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Report on Research Activities; Request for Comments

PDF Version: 
Date: 
Wednesday, January 26, 2011
Issue: 
Volume 70, Number 16
Agency: 
Research and Special Programs Administration, DOT.
Action: 
Notice and Request for Comments.
RITA Office: 
Office of Research, Development and Technology

SUMMARY: The Norman Y. Mineta Research and Special Programs Improvement Act of 2004 (Public Law 108-426) will disestablish the Department of Transportation's Research and Special Programs Administration (RSPA). In its place, two new Federal agencies will be established--the Research and Innovative Technology Administration (RITA) and the Pipeline and Hazardous Materials Safety Administration (PHMSA). These new organizations will be effective no later than February 28, 2005.

Section 4(g) of the Act directs the incoming RITA Administrator to prepare a report to Congress, due March 30, 2005, on the research activities and priorities of the Department of Transportation. As a part of the stakeholder review process, the Department of Transportation is soliciting comments from Federal, state, private sector, and not-for-profit institutions on the topics outlined below.

ADDRESSES: Please submit all comments electronically to RitaReport@rspa.dot.gov or fax to (202) 366-3671. The deadline for comments is February 15, 2005.

FOR FURTHER INFORMATION CONTACT: Thomas Marchessault, RSPA, by telephone at (202) 366-4434 or Fax: (202) 366-3671.

SUPPLEMENTARY INFORMATION: RITA is a new Department of Transportation (DOT) organization dedicated to advancing the DOT's priorities for transportation innovation, research, and education. RITA will integrate the existing intermodal research and development functions of the RSPA Office of Innovation, Research, and Education and the Secretary's Office of Intermodalism.

In addition, RITA also will incorporate the Volpe National Transportation Systems Center in Cambridge, Massachusetts; the Transportation Safety Institute in Oklahoma City; and the Bureau of Transportation Statistics in its entirety.

Report to Congress

On November 30, 2004, President Bush signed the Norman Y. Mineta Research and Special Programs Improvement Act (Public Law 108-426). Section 4(g) of the Act directs the RITA Administrator to prepare a report on the research activities of the Department of Transportation, for delivery to the Committee on Transportation and Infrastructure, the Committee on Science of the House of Representatives, and the Committee on Commerce, Science, and Transportation of the Senate. This report is due March 30, 2005, 120 days after enactment.

The report shall include the following information:

  • A summary of the mission and strategic goals of the new RITA Administration;
  • A prioritized list of the research and development activities that the Department intends to pursue over the next five (5) years;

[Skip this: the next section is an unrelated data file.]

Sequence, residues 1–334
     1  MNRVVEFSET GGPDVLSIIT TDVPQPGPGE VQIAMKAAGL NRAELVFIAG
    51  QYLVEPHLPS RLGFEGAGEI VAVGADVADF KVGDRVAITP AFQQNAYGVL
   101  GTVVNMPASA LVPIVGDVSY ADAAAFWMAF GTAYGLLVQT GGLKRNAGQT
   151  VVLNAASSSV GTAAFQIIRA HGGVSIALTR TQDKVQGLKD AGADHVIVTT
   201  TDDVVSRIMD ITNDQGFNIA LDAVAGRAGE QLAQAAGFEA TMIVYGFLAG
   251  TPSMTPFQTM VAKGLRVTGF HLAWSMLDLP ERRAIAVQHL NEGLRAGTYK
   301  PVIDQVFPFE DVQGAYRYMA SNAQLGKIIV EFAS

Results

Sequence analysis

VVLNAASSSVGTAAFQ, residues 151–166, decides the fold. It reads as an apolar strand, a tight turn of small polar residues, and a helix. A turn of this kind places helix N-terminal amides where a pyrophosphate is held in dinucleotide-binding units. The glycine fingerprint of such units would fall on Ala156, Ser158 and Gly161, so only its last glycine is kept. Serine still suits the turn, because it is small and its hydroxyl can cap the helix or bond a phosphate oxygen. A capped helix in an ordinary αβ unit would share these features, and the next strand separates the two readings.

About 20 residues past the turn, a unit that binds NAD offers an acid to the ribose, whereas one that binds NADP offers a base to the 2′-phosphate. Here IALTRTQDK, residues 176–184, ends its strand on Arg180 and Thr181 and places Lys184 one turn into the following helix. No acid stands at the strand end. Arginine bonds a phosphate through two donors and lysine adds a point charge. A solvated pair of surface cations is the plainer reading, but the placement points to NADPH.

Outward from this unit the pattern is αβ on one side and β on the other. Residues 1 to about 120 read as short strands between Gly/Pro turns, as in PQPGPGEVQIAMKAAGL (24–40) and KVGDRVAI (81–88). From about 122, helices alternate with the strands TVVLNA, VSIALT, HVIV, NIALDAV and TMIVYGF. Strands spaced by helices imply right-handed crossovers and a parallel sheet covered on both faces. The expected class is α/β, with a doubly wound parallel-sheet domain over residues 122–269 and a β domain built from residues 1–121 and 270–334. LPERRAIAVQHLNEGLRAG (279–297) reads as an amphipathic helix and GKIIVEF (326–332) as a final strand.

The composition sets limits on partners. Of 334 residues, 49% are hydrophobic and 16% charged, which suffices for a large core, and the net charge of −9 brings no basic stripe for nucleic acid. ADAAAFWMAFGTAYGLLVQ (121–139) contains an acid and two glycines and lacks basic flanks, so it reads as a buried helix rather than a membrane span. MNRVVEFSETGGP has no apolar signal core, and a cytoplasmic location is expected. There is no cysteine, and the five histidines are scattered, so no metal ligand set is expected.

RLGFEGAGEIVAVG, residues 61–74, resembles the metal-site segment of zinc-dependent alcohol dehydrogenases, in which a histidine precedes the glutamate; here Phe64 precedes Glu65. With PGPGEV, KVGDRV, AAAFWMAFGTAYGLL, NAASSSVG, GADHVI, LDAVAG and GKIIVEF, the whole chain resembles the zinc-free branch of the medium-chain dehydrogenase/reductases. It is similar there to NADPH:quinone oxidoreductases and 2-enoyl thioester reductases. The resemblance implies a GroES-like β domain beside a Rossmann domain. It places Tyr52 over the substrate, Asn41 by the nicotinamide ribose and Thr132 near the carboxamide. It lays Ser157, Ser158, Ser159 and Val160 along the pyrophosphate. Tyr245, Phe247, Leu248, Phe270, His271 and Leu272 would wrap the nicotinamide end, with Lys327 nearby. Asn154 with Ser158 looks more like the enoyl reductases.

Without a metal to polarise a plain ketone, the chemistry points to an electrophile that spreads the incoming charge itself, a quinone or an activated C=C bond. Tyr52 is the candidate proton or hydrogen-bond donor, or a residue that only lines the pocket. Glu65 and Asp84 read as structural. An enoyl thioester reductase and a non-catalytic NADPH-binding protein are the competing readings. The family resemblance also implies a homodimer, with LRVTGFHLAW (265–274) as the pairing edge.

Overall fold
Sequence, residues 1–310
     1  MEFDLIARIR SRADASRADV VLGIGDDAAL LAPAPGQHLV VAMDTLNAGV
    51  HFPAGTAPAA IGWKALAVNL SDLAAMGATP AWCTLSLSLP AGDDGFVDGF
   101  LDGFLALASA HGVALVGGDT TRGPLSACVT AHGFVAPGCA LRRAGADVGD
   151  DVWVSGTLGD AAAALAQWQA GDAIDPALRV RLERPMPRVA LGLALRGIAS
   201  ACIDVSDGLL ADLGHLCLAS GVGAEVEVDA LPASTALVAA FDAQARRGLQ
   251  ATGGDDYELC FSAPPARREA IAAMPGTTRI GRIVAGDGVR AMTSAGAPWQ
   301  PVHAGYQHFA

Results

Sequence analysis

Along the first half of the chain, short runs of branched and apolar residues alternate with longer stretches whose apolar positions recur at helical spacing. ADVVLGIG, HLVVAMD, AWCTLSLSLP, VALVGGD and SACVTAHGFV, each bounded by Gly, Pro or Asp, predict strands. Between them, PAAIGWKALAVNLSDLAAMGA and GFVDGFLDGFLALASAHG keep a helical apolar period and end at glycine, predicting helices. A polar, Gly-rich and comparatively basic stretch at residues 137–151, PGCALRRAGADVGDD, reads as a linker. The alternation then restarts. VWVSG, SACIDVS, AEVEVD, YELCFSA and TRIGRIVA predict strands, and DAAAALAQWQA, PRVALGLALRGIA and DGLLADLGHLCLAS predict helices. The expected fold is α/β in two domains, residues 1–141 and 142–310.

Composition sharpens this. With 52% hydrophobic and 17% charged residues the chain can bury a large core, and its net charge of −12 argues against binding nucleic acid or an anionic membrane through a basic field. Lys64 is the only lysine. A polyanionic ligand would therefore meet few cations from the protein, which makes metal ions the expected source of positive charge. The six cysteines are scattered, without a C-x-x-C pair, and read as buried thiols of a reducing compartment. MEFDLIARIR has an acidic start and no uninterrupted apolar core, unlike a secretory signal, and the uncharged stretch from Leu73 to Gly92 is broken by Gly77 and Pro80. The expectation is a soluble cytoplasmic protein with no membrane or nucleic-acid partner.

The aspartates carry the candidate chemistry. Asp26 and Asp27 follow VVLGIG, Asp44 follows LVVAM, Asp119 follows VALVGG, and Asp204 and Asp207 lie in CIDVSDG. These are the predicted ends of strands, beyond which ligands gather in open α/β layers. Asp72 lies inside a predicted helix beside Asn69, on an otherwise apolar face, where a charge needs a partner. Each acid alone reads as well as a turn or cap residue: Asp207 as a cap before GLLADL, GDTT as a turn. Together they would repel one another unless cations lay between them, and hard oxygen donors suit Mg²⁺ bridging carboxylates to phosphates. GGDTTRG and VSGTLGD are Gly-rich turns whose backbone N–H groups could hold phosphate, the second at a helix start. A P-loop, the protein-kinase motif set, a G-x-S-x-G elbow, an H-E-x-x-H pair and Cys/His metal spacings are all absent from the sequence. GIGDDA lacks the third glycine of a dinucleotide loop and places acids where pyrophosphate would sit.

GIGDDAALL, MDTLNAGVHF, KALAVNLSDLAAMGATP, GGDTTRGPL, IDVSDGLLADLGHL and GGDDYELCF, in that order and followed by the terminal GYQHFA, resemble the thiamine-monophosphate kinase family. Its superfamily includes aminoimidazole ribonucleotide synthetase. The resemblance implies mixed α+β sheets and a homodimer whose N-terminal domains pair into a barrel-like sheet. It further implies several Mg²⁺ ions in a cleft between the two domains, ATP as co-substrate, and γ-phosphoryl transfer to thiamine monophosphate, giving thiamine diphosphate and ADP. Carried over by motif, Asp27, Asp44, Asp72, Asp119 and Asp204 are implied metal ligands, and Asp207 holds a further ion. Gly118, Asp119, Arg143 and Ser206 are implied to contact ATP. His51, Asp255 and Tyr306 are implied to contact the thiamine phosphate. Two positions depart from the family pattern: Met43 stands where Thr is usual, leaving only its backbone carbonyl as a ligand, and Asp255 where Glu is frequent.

• A description of the primary purposes for conducting such R&D activities such as reducing traffic congestion, improving mobility, and promoting safety;
  • An estimate of the funding levels needed to implement such R&D activities for the current fiscal year; and
  • Additional information the RITA Administrator considers appropriate.

In developing the report, the RITA Administrator must also:

  • Solicit input from a wide range of stakeholders;
  • Take into account how the research and development activities of other Federal, state, private sector, and not-for-profit institutions contribute to the achievement of the desired purposes; and
  • Address methods to avoid unnecessary duplication of efforts in achieving such purposes.

As a part of the stakeholder review process, the Department of Transportation is soliciting comments from Federal, state, private sector, and not-for-profit institutions on these topics. The Department is using a variety of venues to solicit comments by stakeholders. This Federal Register Notice is one method for receiving comment. In particular, the Department encourages comments on the following topics:

Identification of Priorities

  • How do we establish DOT transportation research priorities in an environment of limited resources?
  • How do we balance research on long-term, high-risk and high-impact advances versus research with immediate transportation safety and mobility returns?

Research Duplication

  • How do we identify and avoid unnecessary duplication in transportation-related technology research?
  • How do we share information and learn about opportunities to benefit from others' research?

The Role of Stakeholders

  • What on-going communications methods or processes might be established with stakeholders outside of the DOT to receive their advice and recommendations?
  • What information resources can RITA utilize or create to leverage private sector advances into the DOT missions and goals?

We encourage your ideas on these topics, and on other related topics you may identify. The development of RITA, its roles, direction, and responsibilities, will be a methodical process of growth. It may not be possible to incorporate many of the ideas we receive in our Congressional report. However, all ideas and concerns identified will be considered for integration into our planning endeavors.

Issued in Washington, DC on January 14, 2005.

Thomas Marchessault,
Acting Associate Administrator, Office of Innovation, Research and Education, Research and Special Programs Administration.

[FR Doc. 05-1226 Filed 1-25-05; 8:45 am]

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